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OPINIONPoliticsMay 1, 2024

Efeso Collins deserved better than what parliament offered yesterday


Two months ago, MPs unanimously voted to give themselves a week off in Efeso Collins’ honour. On Tuesday, most were too busy to give even an hour of their time. 

The day Fa’anānā Efeso Collins died, parliament felt different. In a building that operates at a breakneck pace, everyone stopped and took a moment. It broke the facade. MPs remembered they were people before they were politicians. Leader of the house Chris Bishop adjourned the house for a week out of respect for Collins, his colleagues and his family. It was supposed to give time for parliamentary staff to organise a proper commemoration, a fit sendoff for a member of the noble and august institution that is the New Zealand House of Representatives. 

That formal commemoration took place yesterday afternoon, nine weeks after Collins collapsed at a Childfund charity event. Unlike the hastily arranged tributes that flowed in the house on that day, the formal commemoration on Tuesday afternoon was a sad reminder that politics never stops. 

The parliamentary order paper, which sets out the schedule for the day, listed the commemoration as simply: “Acknowledgement of death of Fa’anānā Efeso Collins”, with time for three 10-minute speeches and six five-minute speeches.

It was scheduled immediately after an hour of oral questions, typically the most politically charged moments you’ll see in the house. Both the opposition and the government were on top form as they hounded each other about the Fast-track Approvals Bill, Pharmac’s funding, cuts to Oranga Tamariki, and cellphones in school. They jeered and yelled so much you often couldn’t even hear the questions, let alone the answers. 

Barbara Edmonds paying tribute to Efeso Collins (Image: Parliament TV)

When speaker Gerry Brownlee finally called for the change of topic towards Collins, it felt like just another piece of parliamentary business. The MPs who considered it not relevant to their portfolios started filing out. David Seymour, Chris Bishop and Winston Peters were among the first out the door.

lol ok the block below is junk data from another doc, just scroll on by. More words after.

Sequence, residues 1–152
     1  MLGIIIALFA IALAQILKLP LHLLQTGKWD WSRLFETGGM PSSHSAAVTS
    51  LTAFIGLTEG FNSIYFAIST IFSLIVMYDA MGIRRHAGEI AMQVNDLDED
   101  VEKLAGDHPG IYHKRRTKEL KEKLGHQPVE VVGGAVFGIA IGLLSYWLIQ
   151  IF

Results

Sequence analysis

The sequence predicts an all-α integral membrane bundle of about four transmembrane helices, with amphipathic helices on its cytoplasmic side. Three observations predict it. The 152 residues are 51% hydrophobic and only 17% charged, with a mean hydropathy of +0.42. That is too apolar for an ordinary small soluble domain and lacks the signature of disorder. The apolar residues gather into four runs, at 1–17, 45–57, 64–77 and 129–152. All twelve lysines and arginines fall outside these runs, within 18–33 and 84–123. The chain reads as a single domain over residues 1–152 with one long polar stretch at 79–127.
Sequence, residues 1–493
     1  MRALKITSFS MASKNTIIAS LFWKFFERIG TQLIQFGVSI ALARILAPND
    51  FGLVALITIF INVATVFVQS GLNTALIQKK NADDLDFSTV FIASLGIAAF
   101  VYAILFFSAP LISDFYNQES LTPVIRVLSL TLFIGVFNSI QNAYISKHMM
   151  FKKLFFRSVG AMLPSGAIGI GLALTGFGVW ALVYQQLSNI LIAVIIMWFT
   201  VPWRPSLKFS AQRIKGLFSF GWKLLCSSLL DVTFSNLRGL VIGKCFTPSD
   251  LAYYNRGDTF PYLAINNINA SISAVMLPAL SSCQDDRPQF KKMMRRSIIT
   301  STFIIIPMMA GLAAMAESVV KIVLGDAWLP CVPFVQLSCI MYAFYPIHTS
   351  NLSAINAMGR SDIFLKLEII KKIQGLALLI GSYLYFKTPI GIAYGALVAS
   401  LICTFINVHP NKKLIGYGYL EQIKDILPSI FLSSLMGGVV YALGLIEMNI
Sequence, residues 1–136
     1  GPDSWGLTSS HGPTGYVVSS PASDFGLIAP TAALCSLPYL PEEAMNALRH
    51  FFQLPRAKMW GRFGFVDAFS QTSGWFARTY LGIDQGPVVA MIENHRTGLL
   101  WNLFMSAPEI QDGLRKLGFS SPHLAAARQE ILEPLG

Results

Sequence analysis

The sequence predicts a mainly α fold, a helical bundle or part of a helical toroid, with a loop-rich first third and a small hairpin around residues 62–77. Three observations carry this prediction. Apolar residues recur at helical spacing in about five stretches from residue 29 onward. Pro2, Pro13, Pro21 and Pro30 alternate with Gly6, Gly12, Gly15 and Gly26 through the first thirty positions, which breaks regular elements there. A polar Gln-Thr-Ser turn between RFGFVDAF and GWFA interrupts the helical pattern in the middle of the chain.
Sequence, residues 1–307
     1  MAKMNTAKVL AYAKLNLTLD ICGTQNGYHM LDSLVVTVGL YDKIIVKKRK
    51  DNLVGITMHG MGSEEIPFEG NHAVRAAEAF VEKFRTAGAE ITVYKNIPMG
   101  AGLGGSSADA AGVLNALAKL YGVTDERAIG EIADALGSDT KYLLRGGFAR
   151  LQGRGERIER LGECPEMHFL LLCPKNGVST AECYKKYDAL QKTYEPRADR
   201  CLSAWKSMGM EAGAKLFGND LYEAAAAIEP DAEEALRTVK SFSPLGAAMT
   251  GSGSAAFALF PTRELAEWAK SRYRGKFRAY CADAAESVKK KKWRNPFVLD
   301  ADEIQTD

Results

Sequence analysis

Marama Davidson opened the proceedings by paying tribute to Collins’ widow Vasa Fia Collins, who watched from the public gallery, along with whānau and loved ones who had flown down from Auckland. “Your leadership, grace, humility and strength have been nothing but extraordinary,” she said. 

Several of the speeches were honest and raw. Barbara Edmonds was the clear standout, openly shedding tears as she began. “When we as MPs come to this house, we come holding the voices of many. When we come as Pacific MPs, we come holding the voices of our nu’u, our villages, and our ancestors who travelled the Pacific Ocean. Today, we honour him; Fa’anānā Efeso Collins, the ancestor he always knew he was.”

Willie Jackson got some laughs with light-hearted roasts about how he hated when Collins called him matua, and how much he struggled to make Collins toe the party line as a Labour councillor. Erica Stanford ribbed Collins about winning the AUSA presidency by promising to put a pizza parlour on campus, but said the two always stayed in touch, even though “I was the Tory Pākehā girl from the North Shore, and he was the liberal Pasifika bloke from the southside.”

The mostly empty seats of parliament about halfway through the commemoration ceremony (Photo: Joel MacManus)

But at other times, it felt all a bit too procedural, a paint-by-numbers eulogy. Like any parliamentary debate, every party had a speaking slot and no one wanted to yield their time. Simon Court from Act talked about one evening when he shared a taxi with Collins. More and more MPs trickled out, especially from the government benches. After about 30 minutes, both Chris Luxon and Chris Hipkins were gone. 

Efeso Collins was a member of parliament for only a few months. These speeches might be the last time his name appears in Hansard. On the day he died, MPs unanimously voted to give themselves a week off in his honour. On Tuesday, most were too busy to give even an hour of their time. 

It was no longer a moment where a shared sense of humanity rose above politics. For too many in that chamber, they were just politicians, in the very worst way. 

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